Ever wonder why Tax Day falls in the middle of April?
For many of us, paying taxes is as much a part of spring as Daylight Savings Time or the start of a new baseball season. But it hasn't always been this way. Although Americans have been regularly paying income tax for over a century, the first Tax Day fell much earlier in the year.
That's the year when the Form 1040 -- the familiar piece of paper we still use to report taxable income -- first appeared. And it informed taxpayers that 1913's tax returns were due "in the hands of the Collector of Internal Revenue on or before March 1," meaning tax payers were forced to prepare tax forms during the short, cold days of February.
Why? One common explanation is that March 1, 1914, was a year and some change after the institution of the 16th Amendment, which cemented Congress’s power to collect income tax upon its ratification in February 1913. But the 16th Amendment didn't institute income tax itself -- that was the job of the Revenue Act of 1913, which was signed into law in October of that year.
Rather, the March 1 deadline was likely chosen to give filers enough time to prepare, says Joseph Thorndike, a historian with tax publisher Tax Analysts. "The long story short is sort of underwhelming," Thorndike says. "There’s no reason they said March 1 except it’s reasonably close to the end of the tax year, but not so close that it’s difficult to get the paperwork ready."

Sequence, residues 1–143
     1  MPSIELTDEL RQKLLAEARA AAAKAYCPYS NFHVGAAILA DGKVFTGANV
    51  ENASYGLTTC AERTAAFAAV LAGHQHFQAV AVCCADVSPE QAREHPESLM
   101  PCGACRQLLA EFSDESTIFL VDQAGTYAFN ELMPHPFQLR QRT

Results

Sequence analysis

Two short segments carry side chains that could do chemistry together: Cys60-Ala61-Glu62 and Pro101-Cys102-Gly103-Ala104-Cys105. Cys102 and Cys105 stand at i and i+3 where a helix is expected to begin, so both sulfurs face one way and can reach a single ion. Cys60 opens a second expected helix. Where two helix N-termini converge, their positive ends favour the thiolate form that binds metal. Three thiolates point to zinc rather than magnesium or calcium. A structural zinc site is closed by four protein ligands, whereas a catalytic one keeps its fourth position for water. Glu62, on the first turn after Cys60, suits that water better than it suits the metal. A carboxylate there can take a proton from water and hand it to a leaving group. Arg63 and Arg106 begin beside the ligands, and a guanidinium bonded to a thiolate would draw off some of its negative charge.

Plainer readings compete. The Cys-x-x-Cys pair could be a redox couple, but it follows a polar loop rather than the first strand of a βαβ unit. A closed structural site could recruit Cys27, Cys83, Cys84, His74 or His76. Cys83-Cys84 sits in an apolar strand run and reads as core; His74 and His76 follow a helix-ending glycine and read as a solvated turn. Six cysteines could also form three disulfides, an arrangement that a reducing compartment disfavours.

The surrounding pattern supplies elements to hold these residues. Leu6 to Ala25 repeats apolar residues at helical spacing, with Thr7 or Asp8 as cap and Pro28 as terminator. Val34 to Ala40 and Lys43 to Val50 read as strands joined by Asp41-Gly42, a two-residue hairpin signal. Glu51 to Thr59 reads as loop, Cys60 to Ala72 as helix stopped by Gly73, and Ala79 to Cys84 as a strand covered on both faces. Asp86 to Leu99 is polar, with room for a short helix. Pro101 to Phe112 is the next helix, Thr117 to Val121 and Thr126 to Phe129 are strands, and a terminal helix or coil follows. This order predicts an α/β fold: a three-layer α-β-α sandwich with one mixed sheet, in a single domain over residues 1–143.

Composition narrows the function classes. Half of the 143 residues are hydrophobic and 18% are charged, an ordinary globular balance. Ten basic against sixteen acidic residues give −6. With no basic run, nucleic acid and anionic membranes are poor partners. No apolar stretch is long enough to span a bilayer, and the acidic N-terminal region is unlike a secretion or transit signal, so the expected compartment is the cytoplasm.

In a nation of procrastinators, March 1 wasn't around for long, however. Tax Day was moved to March 15 in 1918, Thorndike says. It remained that way until the 1950s, when the deadline was shifted again, this time to April 15. By 1954, many more people were filing taxes than they were 50 years prior.
"Millions of middle class people were paying an income tax," Thorndike said. "It became clear that there were a lot of people struggling to make the deadline."
Because of this, the U.S. government pushed Tax Day back to the middle of April with an overhaul of the IRS Tax Code in 1954, where it has remained since then. And, although the U.S. has a history of rescheduling Tax Day, Thorndike says April 15 is likely here to stay.
"I'm skeptical that anyone would be interested," says Thorndike, on the possibility of Tax Day getting rescheduled in the future. "I think it works reasonably well at this point."
That said, Tax Day isn't always on April 15. If April 15 is on a weekend or federal holiday, the tax deadline is pushed to the nearest business day. Tax Day falls on April 17 this year because April 15 is a Sunday and April 16 is Emancipation Day, a holiday celebrated in the District of Columbia.